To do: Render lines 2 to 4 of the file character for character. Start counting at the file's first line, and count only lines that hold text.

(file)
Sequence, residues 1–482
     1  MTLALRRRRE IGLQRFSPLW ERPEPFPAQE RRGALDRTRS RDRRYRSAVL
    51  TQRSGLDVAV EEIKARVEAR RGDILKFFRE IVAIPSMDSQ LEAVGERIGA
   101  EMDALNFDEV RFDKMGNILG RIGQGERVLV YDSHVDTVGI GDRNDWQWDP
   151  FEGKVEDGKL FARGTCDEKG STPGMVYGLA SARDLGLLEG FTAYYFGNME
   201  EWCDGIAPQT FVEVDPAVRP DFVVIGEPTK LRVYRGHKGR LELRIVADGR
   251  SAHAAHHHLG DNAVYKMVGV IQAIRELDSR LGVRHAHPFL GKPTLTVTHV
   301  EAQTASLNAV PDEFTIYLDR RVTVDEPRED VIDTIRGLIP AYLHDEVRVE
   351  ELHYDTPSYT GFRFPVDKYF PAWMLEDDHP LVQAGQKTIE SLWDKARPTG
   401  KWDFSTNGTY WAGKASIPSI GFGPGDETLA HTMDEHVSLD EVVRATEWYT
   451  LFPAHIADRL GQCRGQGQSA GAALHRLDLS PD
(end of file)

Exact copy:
     1  MTLALRRRRE IGLQRFSPLW ERPEPFPAQE RRGALDRTRS RDRRYRSAVL
    51  TQRSGLDVAV EEIKARVEAR RGDILKFFRE IVAIPSMDSQ LEAVGERIGA
   101  EMDALNFDEV RFDKMGNILG RIGQGERVLV YDSHVDTVGI GDRNDWQWDP